How would you describe the pre-service atmosphere?
Lots of greeting, visiting, talking. The pastor was working the room, and stopped to introduce herself to me. She thanked me for coming. I told her about my experience last week with the service time being wrong on the website. A lady sitting in front of me then turned around and said the website had been fixed; it appears she is serving as the de facto webmistress as no one else has volunteered to take over the job. We chatted amiably for awhile. But no one else acknowledged me or said anything to me.

What were the exact opening words of the service?
“Good morning. Good to see you here this morning.”

What books did the congregation use during the service?
The United Methodist Hymnal and The Holy Bible, New Revised Standard Version, were in racks under the chairs, but we didn’t need them, as everything appeared on monitors hanging on either side of the front platform. The displays were clear and the font was large enough to be seen easily. My hearing isn't what it used to be, and I sometimes have trouble understanding what's being said if the sound system is not up to snuff, but I had no trouble today.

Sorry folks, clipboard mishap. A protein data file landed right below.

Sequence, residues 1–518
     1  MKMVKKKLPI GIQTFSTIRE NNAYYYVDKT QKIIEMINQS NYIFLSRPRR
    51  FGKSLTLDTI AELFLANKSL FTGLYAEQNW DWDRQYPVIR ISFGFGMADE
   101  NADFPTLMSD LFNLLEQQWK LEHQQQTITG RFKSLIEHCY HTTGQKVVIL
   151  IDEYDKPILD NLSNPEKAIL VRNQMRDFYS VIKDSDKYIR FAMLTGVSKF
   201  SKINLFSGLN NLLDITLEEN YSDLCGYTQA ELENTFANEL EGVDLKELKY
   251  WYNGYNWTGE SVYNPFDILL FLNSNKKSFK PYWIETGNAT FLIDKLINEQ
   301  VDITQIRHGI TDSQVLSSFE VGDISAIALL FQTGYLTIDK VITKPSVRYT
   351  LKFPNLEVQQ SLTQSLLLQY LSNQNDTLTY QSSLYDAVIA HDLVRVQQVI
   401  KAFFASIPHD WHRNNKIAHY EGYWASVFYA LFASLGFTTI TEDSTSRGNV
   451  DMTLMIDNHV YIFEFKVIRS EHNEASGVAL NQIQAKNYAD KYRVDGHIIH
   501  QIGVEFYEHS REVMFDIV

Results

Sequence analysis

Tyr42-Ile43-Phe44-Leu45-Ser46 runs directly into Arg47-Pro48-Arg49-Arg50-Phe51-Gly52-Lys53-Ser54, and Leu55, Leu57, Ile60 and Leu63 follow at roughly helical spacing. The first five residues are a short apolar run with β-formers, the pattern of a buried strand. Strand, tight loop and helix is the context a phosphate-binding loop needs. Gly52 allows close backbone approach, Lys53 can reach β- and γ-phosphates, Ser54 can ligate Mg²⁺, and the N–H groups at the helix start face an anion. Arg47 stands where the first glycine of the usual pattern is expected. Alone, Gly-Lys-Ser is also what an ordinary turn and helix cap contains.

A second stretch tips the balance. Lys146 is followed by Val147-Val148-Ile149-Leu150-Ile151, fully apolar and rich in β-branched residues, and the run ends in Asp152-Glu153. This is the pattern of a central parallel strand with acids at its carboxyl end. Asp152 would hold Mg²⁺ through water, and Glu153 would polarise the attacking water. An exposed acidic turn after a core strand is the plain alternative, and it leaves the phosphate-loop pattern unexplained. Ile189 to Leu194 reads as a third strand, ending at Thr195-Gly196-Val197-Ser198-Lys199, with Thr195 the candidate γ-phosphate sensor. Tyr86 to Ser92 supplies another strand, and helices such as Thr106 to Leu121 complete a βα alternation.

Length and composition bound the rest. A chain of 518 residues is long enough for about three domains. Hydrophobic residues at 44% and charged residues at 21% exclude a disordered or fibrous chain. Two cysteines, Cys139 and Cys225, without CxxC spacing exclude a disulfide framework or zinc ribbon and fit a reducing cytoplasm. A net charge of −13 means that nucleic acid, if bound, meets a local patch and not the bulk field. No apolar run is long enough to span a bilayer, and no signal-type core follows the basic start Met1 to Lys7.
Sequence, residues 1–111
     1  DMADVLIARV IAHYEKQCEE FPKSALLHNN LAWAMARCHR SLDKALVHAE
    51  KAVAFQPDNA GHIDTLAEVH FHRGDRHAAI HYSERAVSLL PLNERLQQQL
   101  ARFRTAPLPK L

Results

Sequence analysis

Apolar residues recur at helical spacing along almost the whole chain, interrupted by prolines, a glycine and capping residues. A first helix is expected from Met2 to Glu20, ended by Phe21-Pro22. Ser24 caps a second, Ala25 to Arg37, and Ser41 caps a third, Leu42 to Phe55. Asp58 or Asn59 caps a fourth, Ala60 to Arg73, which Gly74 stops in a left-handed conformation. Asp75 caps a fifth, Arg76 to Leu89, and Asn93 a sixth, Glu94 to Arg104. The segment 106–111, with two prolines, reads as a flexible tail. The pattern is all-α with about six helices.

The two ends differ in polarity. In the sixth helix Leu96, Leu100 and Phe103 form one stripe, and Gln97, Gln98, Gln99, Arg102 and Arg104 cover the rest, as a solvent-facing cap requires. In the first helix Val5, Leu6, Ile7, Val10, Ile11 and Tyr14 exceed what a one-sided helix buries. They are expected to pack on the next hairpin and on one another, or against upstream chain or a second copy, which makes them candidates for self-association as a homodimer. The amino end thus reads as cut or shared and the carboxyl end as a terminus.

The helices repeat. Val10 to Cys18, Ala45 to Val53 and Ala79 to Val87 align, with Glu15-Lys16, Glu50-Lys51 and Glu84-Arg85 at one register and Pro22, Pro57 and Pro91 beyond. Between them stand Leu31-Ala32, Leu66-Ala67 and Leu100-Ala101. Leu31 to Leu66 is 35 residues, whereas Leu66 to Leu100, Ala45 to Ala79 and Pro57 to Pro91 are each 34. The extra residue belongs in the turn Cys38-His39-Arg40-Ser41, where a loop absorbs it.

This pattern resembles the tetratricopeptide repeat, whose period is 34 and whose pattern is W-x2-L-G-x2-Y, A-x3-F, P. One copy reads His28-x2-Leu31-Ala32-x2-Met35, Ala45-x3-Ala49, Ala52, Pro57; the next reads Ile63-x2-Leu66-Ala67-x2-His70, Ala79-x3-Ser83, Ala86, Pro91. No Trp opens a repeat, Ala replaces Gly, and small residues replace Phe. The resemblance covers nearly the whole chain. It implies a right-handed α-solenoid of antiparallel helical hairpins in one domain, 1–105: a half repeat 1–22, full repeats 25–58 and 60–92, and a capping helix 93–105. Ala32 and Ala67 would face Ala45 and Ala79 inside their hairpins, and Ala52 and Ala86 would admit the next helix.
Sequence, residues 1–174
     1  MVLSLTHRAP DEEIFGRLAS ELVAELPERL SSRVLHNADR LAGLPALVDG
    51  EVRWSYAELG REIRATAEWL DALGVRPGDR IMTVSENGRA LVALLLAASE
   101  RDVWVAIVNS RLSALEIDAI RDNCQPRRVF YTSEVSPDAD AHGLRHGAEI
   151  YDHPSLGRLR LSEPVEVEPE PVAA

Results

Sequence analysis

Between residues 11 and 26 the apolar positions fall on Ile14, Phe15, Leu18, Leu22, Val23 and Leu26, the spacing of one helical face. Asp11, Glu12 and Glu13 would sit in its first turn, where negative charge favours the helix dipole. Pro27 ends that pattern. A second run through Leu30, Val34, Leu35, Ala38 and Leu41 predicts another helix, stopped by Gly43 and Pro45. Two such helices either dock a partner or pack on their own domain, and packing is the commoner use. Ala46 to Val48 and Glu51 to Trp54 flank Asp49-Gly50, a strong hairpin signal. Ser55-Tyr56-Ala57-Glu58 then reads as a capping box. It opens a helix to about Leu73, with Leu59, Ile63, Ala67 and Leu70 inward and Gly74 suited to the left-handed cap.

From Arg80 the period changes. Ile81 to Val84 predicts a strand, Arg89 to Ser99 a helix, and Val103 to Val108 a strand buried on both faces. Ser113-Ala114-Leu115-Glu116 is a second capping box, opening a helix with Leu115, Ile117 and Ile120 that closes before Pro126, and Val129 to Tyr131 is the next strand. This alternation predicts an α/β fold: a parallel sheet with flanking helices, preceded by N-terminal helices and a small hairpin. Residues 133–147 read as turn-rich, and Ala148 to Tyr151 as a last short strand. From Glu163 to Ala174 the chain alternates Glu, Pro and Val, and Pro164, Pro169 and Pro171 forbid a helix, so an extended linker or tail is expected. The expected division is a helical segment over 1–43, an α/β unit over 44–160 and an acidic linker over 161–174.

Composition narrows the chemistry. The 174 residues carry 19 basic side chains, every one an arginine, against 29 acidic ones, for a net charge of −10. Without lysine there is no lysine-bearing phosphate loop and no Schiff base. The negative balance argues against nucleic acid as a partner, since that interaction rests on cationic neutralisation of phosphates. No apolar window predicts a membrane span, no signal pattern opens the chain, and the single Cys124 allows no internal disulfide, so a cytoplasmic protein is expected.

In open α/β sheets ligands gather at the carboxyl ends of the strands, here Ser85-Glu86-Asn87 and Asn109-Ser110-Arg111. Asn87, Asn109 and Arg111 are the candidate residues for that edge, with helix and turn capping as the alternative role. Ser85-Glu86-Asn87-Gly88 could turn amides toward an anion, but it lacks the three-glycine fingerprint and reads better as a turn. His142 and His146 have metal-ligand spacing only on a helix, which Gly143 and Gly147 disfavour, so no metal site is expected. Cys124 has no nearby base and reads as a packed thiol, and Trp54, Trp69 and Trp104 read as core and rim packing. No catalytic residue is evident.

What musical instruments were played?
Digital keyboard. I wondered why Cliff Wright played one number on the rack keyboard (standing up, no less) and everything else on the baby grand keyboard, as he chose similar sounding stops on each. There was a choir of five vocalists – four ladies and one gentleman.

Mission Bell UMC, Glendale, Az (Choir)

Did anything distract you?
Two of the choir members used hand-held microphones; one tapped her foot to the music. The gentleman in the choir sat with his legs crossed. The director swigged water from a bottle. Someone’s cell phone went off during the pastor’s opening remarks – its ring tone sounded like an alley cat in heat! It completely threw the pastor off what she was saying, but she recovered nicely, asking, “Is that for you?” [Laughter.]

Was the worship stiff-upper-lip, happy clappy, or what?